What about the more recent story of the woman suing the makeup company because the foundation she purchased didn’t last the full twenty-four hours it claimed, and it ruined her Shabbos (since she couldn’t reapply the liquid foundation)? This story also was printed and re-printed all over the Internet with people once again bad-mouthing and mocking Orthodox Jews. The reporting was also very weak for this story as hardly any news outlet mentioned that this lawsuit is *class action*.
I spoke to a legal expert who explained why that information is so crucial. First off, the woman who’s named in the suit has almost nothing to gain monetarily. Maybe she’ll get the $40 back she spent on the foundation. That’s it. The lion share of the $5 million claim (that’s what the lawyers are suing for) goes to the lawyers in cases like these. From the way the story was framed in most of the articles, you’d think the plaintiff wanted to be compensated for her “pain and suffering.” In truth, there is very little incentive for her to sue.
Second of all, while I don’t know what the law firms involved in this case did, the legal expert explained that many class action law firms are known to seek out plaintiffs for their suits. Some will even go as far as hoodwinking potential plaintiffs, as the lawyers are the ones who will benefit the most from a win. While I won’t make any accusations about the attorneys, I’ve been hearing murmurings on social media sites that the woman named in the suit didn’t understand what she was getting herself into, was given bad legal advice, and has suffered greatly since the story broke. Not one reporter bothered to interview the plaintiff directly as to why she’d go to all this trouble to sue a makeup company if she has so little to gain.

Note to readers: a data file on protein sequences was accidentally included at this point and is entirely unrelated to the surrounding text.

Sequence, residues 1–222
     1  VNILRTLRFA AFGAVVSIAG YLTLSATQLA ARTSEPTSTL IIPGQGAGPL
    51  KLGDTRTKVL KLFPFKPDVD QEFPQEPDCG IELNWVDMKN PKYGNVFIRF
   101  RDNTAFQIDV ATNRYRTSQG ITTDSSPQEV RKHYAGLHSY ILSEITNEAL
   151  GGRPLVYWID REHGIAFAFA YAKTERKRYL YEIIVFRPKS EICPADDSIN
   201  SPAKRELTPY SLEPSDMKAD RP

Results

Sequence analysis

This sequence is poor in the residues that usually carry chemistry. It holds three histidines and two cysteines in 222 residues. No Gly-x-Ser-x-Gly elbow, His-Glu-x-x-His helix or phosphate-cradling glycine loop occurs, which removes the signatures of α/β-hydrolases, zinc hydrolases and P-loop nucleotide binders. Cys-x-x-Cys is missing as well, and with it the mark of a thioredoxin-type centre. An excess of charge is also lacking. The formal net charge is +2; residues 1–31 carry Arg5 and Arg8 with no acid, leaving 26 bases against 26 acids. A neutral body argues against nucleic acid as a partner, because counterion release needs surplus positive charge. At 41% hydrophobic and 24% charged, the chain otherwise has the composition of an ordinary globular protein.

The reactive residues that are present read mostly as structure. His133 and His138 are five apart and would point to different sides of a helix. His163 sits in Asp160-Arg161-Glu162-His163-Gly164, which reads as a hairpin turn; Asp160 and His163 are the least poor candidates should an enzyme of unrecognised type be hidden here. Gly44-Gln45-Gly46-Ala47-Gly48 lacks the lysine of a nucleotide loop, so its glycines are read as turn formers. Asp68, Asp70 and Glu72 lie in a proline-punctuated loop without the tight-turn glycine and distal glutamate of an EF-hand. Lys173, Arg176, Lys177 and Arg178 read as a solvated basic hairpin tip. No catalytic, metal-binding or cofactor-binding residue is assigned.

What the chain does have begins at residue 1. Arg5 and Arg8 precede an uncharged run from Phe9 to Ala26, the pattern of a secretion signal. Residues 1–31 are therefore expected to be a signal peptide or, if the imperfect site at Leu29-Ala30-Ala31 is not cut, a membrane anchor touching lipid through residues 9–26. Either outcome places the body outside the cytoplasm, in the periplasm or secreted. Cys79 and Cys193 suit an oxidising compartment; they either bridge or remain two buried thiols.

The legal expert also noted that even if this law suit was this woman’s idea, no law firm should have ever taken such a frivolous case. He said that any judge would throw out this suit immediately. Everyone reading the article has condemned the plaintiff, but where is the outrage towards the lawyers for taking on such a ridiculous case? And just like with the man in the bag, there was no balance offered in any article where other Orthodox Jewish women had the chance to explain that most of us would never dream of bringing such a law suit.
The Orthodox world is certainly not perfect. There are many wonderful aspects to it, but there are real problems as well, and when those problems are discovered, we must speak out against them and work to improve them. But these recent stories are not indicative of larger problems. They merely bizarre aberrations. But since so few people personally know an Orthodox Jew and the media hasn’t bothered to ask any of us what is normative behavior, these stories will now define us. Through social media, WE have the power to report the side that the mainstream media hasn’t reported. Please help publicize the fact that these cases do not reflect the vast majority of Orthodox Jews.
[Watch Jew in the City’s video response on this topic here: JITC Unplugged: A Response To The NYPost’s Holy Chic: Extreme Makeup and Shabbos]